Work Cut Out For Park Geun-hye: South Korea’s First Female President!

by
Sameera Ehteram
Park Geun-hye has become the eleventh President of South Korea as well as the first woman to be elected as President in the country.

Park Geun

Park Geun-hye has become the eleventh President of South Korea as well as the first woman to be elected as President in the country.

She has been the chairwoman of the conservative Grand National Party (GNP), now the Saenuri Party, between 2004 and 2006 and between 2011 and 2012.

She has also been a member of the Korean National Assembly, and had served four consecutive parliamentary terms as a constituency representative.

She pledges to secure South Korea against the threat of an increasingly hostile North Korea at the same time as mending bridges with Pyongyang.

“North Korea's recent nuclear test is a challenge to the survival and future of the Korean people, and there should be no mistake that the biggest victim will be none other than North Korea itself," she said. “I urge North Korea to abandon its nuclear ambitions without delay and embark on the path to peace and shared development."

"I will move forward step-by-step on the basis of credible deterrence to build trust between the South and the North," she added.

Her father, Park Chung-hee, was one of the founders of modern Korea who took power after a coup d’état and ruled heavy-handedly for 18 years before being shot dead by his intelligence chief in 1979. She has however, apologized for human rights violations during his rule. But his legacy still haunts her profile.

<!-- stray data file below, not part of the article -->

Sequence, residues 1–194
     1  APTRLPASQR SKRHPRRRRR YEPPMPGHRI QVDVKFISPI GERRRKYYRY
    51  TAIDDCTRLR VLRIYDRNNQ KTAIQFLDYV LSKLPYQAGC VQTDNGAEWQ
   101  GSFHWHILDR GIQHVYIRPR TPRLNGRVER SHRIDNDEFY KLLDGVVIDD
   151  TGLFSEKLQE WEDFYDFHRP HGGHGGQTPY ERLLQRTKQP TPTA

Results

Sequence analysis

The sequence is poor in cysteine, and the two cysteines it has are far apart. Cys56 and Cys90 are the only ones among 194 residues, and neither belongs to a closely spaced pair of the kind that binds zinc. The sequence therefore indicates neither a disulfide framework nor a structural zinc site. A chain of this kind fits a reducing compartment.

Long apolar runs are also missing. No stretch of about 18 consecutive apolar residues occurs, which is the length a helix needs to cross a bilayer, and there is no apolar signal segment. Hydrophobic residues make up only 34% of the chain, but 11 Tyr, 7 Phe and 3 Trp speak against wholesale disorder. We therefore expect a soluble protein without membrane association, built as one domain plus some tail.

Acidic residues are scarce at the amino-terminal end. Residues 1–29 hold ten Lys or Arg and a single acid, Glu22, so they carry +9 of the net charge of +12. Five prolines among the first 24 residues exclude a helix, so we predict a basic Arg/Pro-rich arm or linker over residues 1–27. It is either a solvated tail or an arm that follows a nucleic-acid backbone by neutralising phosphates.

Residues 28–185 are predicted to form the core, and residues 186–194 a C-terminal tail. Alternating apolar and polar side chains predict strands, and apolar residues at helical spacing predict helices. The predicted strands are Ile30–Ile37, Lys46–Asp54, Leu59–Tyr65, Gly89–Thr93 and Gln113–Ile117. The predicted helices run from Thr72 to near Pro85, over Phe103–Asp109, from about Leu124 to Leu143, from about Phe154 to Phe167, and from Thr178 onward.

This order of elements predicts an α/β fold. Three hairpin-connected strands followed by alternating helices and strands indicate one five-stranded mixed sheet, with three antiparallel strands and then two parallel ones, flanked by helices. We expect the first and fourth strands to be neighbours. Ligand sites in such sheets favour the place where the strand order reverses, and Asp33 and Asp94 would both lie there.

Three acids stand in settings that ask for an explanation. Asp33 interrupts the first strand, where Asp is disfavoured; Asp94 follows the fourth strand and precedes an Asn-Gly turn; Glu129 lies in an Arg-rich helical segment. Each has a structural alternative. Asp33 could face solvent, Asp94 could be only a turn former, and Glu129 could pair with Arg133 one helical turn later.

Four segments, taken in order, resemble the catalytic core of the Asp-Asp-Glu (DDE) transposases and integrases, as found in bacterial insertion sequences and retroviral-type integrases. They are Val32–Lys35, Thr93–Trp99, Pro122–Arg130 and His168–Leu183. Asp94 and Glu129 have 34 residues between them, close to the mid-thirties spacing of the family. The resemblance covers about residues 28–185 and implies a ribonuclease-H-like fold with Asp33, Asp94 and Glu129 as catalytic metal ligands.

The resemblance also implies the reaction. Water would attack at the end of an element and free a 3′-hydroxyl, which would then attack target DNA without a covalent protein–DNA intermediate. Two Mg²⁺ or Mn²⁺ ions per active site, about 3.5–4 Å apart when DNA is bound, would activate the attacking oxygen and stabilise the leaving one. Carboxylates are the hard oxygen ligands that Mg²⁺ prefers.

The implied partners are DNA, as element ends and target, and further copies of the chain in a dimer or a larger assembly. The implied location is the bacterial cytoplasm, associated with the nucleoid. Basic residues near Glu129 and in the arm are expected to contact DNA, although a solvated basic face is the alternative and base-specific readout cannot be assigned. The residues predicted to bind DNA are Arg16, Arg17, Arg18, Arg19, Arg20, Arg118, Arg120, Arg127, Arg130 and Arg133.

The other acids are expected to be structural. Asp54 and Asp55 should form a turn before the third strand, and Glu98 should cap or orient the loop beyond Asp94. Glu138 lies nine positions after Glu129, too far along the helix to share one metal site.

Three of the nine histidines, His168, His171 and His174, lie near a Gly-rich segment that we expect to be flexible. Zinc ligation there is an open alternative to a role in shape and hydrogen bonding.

She visited the North Korean capital in 2002 and met with its late leader Kim Jong Il. Since then, his son Kim Jong Un has taken over in Pyongyang, continuing a policy of defiant work on the country's budding nuclear program, including a test earlier this month that drew widespread international condemnation.

There is much on her plate. The elder Park's 18-year rule from 1961 to 1979 helped transform South Korea's from a war-torn backwater into an export powerhouse.

She campaigned on a platform of "economic democratization", better regulation and more welfare spending and has tacked back to the right in recent days with a more conciliatory tone towards business.

She promised growth and job creation through innovation and investment in science and technology. It is time for her to deliver.

The benchmark KOSPI index of core South Korean stocks, has been trading at a 200-day moving average of 1,924.41 points.

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